The FDA has approved five medications for treatment of cold sores — sometimes referred to as fever blisters, oral herpes or herpes labialis. Find out which of these drugs offer the most benefit.
Potentially Dangerous Lithium Drug Interactions
March 2019
Read about the many prescription medications that can interact in dangerous ways with lithium, the drug of choice for treating bipolar disorder, also known as manic depression.
New Research Shows Drugs Associated with a Risk of Depression Are Widely Used
October 2018
In this article, we summarize the results of a recent research study showing that use of medications that have depression as a potential adverse effect is very common. We also identify some of the many prescription medications that can cause depression symptoms, including suicidal thoughts or behavior.
Painkiller Tramadol Increases Risk of Low Blood Sugar
May 2015
For years, Public Citizen’s Health Research Group has designated tramadol as a Do Not Use drug. We discuss results of a new study providing an additional reason for avoiding tramadol: The drug has been linked to the occurrence of dangerously low blood sugar.
Dextromethorphan (DELSYM, ROBITUSSIN DM) for Cough: More Reasons to Avoid It
June 2010
Find out why you should not use cough products such as ROBITUSSIN DM that contain dextromethorphan. Also view a list of 22 other drugs that can have harmful interactions with dextromethorphan.
Serotonin Syndrome Due to Drug Interactions
April 2008
The article lists more than 30 prescription drugs that can cause the serotonin syndrome.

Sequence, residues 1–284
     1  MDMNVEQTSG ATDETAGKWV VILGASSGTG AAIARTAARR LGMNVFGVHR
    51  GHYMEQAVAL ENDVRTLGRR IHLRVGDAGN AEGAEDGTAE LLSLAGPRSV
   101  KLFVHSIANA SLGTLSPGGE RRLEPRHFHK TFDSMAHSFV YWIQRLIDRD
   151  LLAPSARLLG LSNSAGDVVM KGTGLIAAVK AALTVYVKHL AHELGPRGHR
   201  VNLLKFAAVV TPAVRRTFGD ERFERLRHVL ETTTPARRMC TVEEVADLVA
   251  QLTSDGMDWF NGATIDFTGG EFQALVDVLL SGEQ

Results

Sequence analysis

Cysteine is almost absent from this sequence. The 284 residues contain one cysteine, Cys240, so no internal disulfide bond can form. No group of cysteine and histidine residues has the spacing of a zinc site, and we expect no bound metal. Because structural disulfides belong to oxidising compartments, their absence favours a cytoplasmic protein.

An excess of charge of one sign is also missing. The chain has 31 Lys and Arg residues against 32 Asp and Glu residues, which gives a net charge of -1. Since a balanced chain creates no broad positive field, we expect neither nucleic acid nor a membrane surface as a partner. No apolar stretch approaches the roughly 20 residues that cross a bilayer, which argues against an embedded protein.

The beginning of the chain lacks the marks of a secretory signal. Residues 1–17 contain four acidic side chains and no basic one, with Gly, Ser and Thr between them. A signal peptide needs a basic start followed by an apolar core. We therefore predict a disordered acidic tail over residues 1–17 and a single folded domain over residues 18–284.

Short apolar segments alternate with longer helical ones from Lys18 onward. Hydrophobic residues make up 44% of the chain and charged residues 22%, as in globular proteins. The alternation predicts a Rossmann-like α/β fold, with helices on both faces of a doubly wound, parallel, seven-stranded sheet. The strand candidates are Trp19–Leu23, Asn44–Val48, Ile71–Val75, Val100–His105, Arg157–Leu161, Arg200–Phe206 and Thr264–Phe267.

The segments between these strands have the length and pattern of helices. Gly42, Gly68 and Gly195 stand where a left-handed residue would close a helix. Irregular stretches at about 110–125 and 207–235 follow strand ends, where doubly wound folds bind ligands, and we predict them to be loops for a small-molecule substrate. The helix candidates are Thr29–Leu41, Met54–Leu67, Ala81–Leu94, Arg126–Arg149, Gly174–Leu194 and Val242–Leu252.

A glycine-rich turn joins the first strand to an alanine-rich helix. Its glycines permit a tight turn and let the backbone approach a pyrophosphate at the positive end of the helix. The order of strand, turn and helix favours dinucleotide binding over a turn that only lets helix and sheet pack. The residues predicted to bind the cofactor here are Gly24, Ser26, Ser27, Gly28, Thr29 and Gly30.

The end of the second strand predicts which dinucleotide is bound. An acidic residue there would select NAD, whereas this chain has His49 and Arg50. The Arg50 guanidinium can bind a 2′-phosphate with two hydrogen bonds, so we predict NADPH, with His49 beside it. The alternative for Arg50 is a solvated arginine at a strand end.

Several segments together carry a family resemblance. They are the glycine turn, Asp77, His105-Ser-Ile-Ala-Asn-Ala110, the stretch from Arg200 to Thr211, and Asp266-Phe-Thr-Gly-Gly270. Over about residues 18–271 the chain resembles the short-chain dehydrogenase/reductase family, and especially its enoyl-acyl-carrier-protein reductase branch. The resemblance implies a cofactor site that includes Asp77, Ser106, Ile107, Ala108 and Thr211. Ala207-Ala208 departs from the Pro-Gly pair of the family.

Do Not Use! The Pain Drug Tramadol (ULTRAM/ULTRACET) and Serotonin Syndrome
March 2002
Australian drug regulatory authorities have received 171 reports of suspected adverse reactions with the pain drugs tramadol (ULTRAM) or tramadol in combination with acetaminophen (ULTRACET) since Ultram began being marketed in Australia in late 1998. In six of these reports, a very serious adverse reaction known as the serotonin syndrome was listed as the adverse reaction.


Search results below include Additional Information from Public Citizen where your selected drug is a primary subject of discussion.

Testimony Before the FDA’s Drug Safety and Risk Management Advisory Committee and Anesthetic and Analgesic Drug Products Advisory Committee Regarding Intravenous Tramadol (HRG Publication #2619)
In testimony before a joint meeting of the Food and Drug Administration’s (FDA’s) Drug Safety and Risk Management Advisory Committee and Anesthetic and Analgesic Drug Products Advisory Committee, Public Citizen urged the committees to recommend that the FDA not approve an intravenous form of tramadol, a widely used but inadequately regulated opioid, for treatment of acute pain in a medically supervised health care setting.
Supplement to the Petition to the DEA and FDA to Reschedule the Opioid Tramadol From Schedule IV to Schedule II (HRG Publication #2525)
Public Citizen submitted a supplement to its November 2019 petition to the DEA and FDA to reschedule the opioid tramadol from the weakly controlled schedule IV under the Controlled Substances Act to the more tightly controlled schedule II because it is overprescribed, often misused, highly addictive and potentially deadly. The supplement adds new data from a careful study of the FDA’s Adverse Event Reporting System which revealed that tramadol use correlates with severe adverse events, including death.